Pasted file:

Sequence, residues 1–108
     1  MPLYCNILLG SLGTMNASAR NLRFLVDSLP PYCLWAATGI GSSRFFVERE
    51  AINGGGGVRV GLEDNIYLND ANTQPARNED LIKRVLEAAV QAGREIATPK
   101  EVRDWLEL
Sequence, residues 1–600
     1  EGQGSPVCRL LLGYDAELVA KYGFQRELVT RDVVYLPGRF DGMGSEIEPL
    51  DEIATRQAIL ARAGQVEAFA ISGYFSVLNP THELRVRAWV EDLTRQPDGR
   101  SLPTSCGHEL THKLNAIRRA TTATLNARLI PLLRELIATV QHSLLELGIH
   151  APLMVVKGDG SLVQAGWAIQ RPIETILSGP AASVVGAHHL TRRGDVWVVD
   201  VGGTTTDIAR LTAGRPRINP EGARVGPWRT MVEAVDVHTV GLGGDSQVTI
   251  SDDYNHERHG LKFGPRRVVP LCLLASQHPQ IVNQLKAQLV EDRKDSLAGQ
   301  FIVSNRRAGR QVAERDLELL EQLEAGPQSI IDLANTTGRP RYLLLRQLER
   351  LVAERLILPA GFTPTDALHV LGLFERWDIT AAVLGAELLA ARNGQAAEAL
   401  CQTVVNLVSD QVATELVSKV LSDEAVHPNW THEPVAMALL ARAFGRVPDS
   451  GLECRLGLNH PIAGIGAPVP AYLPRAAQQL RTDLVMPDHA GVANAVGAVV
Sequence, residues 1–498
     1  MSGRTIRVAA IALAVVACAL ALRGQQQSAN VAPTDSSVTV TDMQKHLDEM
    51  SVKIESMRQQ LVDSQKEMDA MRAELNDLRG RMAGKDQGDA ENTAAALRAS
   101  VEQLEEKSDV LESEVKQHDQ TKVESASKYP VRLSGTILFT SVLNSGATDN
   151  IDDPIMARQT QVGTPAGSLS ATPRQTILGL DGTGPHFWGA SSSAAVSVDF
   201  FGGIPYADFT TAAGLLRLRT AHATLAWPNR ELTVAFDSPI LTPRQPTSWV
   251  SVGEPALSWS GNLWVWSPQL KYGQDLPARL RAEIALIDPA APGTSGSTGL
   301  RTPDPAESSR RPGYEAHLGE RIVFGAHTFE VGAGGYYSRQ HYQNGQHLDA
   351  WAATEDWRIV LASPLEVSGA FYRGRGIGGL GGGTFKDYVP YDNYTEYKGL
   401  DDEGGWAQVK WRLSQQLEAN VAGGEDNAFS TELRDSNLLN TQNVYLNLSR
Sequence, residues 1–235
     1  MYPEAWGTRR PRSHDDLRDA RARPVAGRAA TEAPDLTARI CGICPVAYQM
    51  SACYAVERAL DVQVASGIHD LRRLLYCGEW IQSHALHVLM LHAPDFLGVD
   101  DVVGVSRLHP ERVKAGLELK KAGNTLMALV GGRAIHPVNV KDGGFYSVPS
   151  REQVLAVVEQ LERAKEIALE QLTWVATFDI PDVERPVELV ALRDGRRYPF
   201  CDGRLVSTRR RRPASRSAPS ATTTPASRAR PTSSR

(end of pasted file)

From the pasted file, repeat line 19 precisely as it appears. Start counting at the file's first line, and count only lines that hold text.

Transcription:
   101  VEQLEEKSDV LESEVKQHDQ TKVESASKYP VRLSGTILFT SVLNSGATDN